How mobile technology is shaking up the payments industry

We already use mobile phones for a wide range of tasks, from playing games to booking holidays, arranging dates to making videos. However, very soon, we will also be using our mobiles in shops, cafés and taxis to pay for, and accept payments for, various goods and services.

The simplicity and intuitiveness of mobile payments is a major reason why more and more small to medium sized business are taking advantage of this new technology. Mobile point-of-sale (mPOS) is such a game-changer because our smartphones and tablet devices already contain within them the core technology required to accept credit and debit card payments.

By combining these everyday devices with an app and a card reader, almost anyone can begin to accept card payments.

Due to this ease of use, mPOS is growing fast and as a result, companies such as SumUp are proving a disruptive force in established payments industries. This isn't just hyperbole. According to Gartner, the value of global mobile payment transactions will be £146.3 billion in 2013, up 44 per cent from 2012. As the mobile payments market continues to grow, the more established companies in this field will find their market share shrinking.

Traditional card terminal manufacturers are seeing profit margins squeezed by the affordability and convenience which mPOS technology offers. Traditional card acceptance units are not only static but the contracts are usually quite rigid. Merchants often have to pay high rental fees for a minimum of 12 or 24 months.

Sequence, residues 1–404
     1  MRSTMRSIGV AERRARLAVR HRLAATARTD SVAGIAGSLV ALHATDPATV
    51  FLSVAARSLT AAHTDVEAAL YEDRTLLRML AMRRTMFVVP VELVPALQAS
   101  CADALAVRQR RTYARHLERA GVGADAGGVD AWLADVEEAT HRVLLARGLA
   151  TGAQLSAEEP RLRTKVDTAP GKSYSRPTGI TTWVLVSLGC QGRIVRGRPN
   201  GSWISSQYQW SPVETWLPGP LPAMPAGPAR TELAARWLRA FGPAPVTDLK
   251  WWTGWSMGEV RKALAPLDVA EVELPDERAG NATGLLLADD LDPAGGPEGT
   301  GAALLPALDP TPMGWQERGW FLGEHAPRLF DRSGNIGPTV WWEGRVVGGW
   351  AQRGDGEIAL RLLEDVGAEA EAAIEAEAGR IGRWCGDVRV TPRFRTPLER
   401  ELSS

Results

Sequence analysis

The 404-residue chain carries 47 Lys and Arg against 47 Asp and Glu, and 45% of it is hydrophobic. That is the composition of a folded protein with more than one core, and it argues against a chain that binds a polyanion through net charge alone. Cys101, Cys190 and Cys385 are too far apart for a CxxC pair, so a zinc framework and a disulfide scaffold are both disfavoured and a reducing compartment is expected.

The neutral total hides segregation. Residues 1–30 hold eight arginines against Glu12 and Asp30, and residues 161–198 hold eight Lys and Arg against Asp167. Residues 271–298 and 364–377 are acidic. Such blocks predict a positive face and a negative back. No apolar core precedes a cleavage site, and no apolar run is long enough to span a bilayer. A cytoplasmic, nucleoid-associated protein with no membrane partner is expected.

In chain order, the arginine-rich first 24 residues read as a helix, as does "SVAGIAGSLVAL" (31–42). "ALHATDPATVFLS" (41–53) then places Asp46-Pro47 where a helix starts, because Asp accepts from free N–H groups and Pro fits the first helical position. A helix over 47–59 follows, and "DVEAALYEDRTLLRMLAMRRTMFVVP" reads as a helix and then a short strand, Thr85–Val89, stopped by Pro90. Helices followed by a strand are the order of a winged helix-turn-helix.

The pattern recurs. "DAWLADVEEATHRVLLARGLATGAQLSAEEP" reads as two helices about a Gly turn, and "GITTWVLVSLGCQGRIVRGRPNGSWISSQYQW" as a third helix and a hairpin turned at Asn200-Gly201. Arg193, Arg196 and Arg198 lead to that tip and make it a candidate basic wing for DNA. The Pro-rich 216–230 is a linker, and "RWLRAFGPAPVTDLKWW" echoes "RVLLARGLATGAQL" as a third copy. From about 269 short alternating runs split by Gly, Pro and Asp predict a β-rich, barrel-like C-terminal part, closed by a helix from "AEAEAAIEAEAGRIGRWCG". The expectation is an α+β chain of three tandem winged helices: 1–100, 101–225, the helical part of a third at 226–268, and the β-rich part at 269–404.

mPOS providers are capitalising on this lack of flexibility by providing a more attractive deal for small and medium businesses. The contracts mPOS companies offer tend to be very flexible, appealing to seasonal operators, pop-ups and merchants on the go.

The waves of disruption created by mPOS companies go further than card terminal manufacturers. mPOS companies are also changing the point-of-sale hardware industry. Smartphones and tablets, when combined with an app, contain the core tech required for users to have a cash register interface on their screen.

Coupled with a cash drawer and receipt printer, something some mPOS companies are already offering, the merchant has all the hardware he or she needs to set up shop.

This whole package has the potential to save merchants hundreds or even thousands of pounds each year. For small to medium sized businesses seeking to move away from only accepting cash payments or from dealing with the hassles of traditional tills, the mPOS solution is increasingly becoming an attractive and affordable all-in-one package.

Hardware aside, some mPOS, including SumUp, are now approved by the Financial Conduct Authority (FCA). This means that they can, in effect, act as acquiring banks. By cutting out the middle man, complex paperwork could soon be a thing of the past. This benefits merchants and business owners and also makes the on-boarding process highly scalable.

It also allows respective mPOS companies to take on tens of thousands of merchants per month, providing them with all they need to be able to accept card payments and run and grow their business.

As retailers become more aware of the benefits, and subsequently adopt mPOS systems, the established payments industry will be further disrupted. Unless the traditional players up their game within the next few years or so, they could find themselves out of business.

Either way, how we make and take card payments is already changing forever.

Stefan Jeschonnek is the co-founder and product lead of SumUp, a vendor of mobile point-of-sale technology.

Image: Flickr (joe.ross)